Archive for Monday, February 26, 2001

Cakes now centerpiece of weddings

February 26, 2001

After the "I do's" are murmured and the toasts shouted, the bride and groom soon conduct their first task together as husband and wife.

The tradition of the bride and groom cutting the first slice of cake together is one that has stood the test of time. Many see it as a ritual or just a great photo opportunity, but it originally symbolized the first undertaking of a newly wed couple.

Many who have planned weddings will attest to the fact that the wedding tasks begin much earlier than in the past, including deciding on the wedding cake itself.

Wedding cakes today have become centerpieces of grand proportions, as elaborate and creative as one can imagine. Today's cakes are created to reflect the personalities and tastes of the happy couple.

But wedding cakes from centuries past were anything but elaborate.

In fact, they weren't cakes at all, but usually wheat bread. Believed to have originated in Roman times, the groom would break the bread over the bride's head to symbolize his dominance over her. As the crumbs fell through her hair, guests scurried for the pieces and kept them as good luck tokens. Some even believed if placed under a pillow, the bread would bring a woman visions of the man she would marry.

The wedding bread took on a sweeter taste in England around the 17th century in the form of sticky buns. Two centuries later, the buns evolved into a pie and were finally replaced by a wedding cake, known then as a bride's cake.

Today, wedding cakes are elaborate, detailed works of art.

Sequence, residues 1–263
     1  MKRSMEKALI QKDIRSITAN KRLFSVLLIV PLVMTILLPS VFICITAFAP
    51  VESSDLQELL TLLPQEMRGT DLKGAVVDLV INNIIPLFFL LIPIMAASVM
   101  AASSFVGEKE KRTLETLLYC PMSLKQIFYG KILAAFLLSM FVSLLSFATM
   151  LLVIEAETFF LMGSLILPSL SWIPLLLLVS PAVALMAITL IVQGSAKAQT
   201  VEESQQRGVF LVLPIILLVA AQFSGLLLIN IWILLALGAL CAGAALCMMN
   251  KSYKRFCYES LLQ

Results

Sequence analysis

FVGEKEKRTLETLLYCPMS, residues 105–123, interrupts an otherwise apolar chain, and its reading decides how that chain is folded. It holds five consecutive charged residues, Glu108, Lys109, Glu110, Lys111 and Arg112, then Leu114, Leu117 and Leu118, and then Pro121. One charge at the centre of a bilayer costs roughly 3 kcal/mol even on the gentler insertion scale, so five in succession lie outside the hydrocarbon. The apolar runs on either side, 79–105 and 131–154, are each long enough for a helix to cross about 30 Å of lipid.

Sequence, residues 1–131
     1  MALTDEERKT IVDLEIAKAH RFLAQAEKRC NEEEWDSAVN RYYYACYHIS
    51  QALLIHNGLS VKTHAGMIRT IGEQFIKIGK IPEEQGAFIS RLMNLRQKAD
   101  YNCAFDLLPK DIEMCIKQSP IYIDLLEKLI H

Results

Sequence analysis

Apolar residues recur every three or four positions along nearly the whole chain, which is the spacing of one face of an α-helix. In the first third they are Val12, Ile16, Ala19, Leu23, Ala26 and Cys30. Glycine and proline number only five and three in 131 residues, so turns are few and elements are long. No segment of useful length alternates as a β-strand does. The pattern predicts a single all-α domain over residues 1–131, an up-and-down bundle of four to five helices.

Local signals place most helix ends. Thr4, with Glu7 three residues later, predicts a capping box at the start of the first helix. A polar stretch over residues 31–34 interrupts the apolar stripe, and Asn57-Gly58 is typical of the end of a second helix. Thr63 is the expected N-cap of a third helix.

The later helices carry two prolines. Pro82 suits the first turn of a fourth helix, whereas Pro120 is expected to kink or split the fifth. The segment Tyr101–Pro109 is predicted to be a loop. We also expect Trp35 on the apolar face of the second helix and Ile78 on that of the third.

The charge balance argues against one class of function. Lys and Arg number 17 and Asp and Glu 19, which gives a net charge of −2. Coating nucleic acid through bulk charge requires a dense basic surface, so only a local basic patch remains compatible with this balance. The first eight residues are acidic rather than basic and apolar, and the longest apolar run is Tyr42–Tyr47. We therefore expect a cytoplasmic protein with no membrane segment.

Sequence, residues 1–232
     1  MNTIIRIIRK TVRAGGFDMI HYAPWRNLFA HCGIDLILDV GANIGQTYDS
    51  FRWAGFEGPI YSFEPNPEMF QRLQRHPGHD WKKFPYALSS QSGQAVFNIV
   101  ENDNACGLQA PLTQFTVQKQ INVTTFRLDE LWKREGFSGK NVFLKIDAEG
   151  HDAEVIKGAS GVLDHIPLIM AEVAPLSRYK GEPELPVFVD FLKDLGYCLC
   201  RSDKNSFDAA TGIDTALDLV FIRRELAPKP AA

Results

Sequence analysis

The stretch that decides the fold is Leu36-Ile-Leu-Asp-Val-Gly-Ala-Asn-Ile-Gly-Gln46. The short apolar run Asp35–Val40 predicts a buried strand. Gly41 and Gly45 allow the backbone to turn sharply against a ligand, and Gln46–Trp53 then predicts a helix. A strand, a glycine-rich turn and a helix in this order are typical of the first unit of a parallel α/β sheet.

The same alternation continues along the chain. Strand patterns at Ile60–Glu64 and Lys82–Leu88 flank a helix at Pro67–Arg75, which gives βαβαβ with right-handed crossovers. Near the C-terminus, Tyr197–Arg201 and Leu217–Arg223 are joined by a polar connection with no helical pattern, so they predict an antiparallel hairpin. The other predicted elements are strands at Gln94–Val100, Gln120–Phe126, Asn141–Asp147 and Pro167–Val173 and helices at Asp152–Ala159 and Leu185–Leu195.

The actual cake serves as a canvas on which couples can express their individuality. David Wuollet, from Wuollet's Bakery, in Edina, Minn., says the possibilities are endless.

"Our job is to make their dreams come true. If we can do it, we're going to do it," he said.

Pinpointing the perfect cake usually begins with the couple sampling a variety of cake flavors at their bakery of choice.

Among some of the delicious choices are chocolate, carrot and marble pound cake.

These tasty layers can be filled with lemon, amaretto, raspberry the list goes on.

As the centerpiece of the reception, all eyes eventually make their way to the cake. Whether it's a towering, seven-tier creation or an intimate size cake for a smaller wedding, ornamentation and decoration add personality and character to the dessert.

A variety of elements are used to decorate a cake uniquely, including edible flowers, fruit and even leaves. Another option is ganache a sweet, rich chocolate that has a pliable texture. Using ganache, bakers are able to create any color of flower, one petal at a time, to adorn a cake.

Another workable material with a sweeter taste is marzipan. Marzipan is a paste made of ground almonds, sugar and egg whites that can be used as icing or molded into edible flowers or other decorations.

One of the more unusual requests Wuollet received for a wedding cake was made by a couple who enjoyed running.

He designed two cakes in the shape of tennis shoes with the shoelaces tied together. He has also produced cake creations in the shape of mountains and other desserts inspired by nature.

Even with the endless possibilities for a unique and memorable wedding cake, Wuollet says the traditional white cake is still the most popular. Just like years ago, a white cake traditionally symbolizes a bride's virginal attributes and purity, as does her white dress.

In addition to wedding cakes, many couples are choosing to have a sweet table a sort of dessert buffet for guests.

To some, these tables are a great way for couples to express their ethnic backgrounds. Some of these expressive desserts include the French croquembouche, a traditional form of wedding cake in France that actually consists of small pastry puffs arranged in a pyramid and covered in a caramel glaze.

The Scandinavian Kransekage is a traditional almond cookie baked in graduated rings and assembled with curls of icing. It is still used as a wedding cake in regions of that area.

Whether it's a table of desserts or a tasteful cake, the sweetness of a wedding day can be greatly enriched with the dessert of your dreams.

Working with your local baker and sampling fillings and decorations is the best way to create the perfect cake for the perfect day.

Courtesy of ARA Content, www.aracontent.com, email: info@aracontent.com

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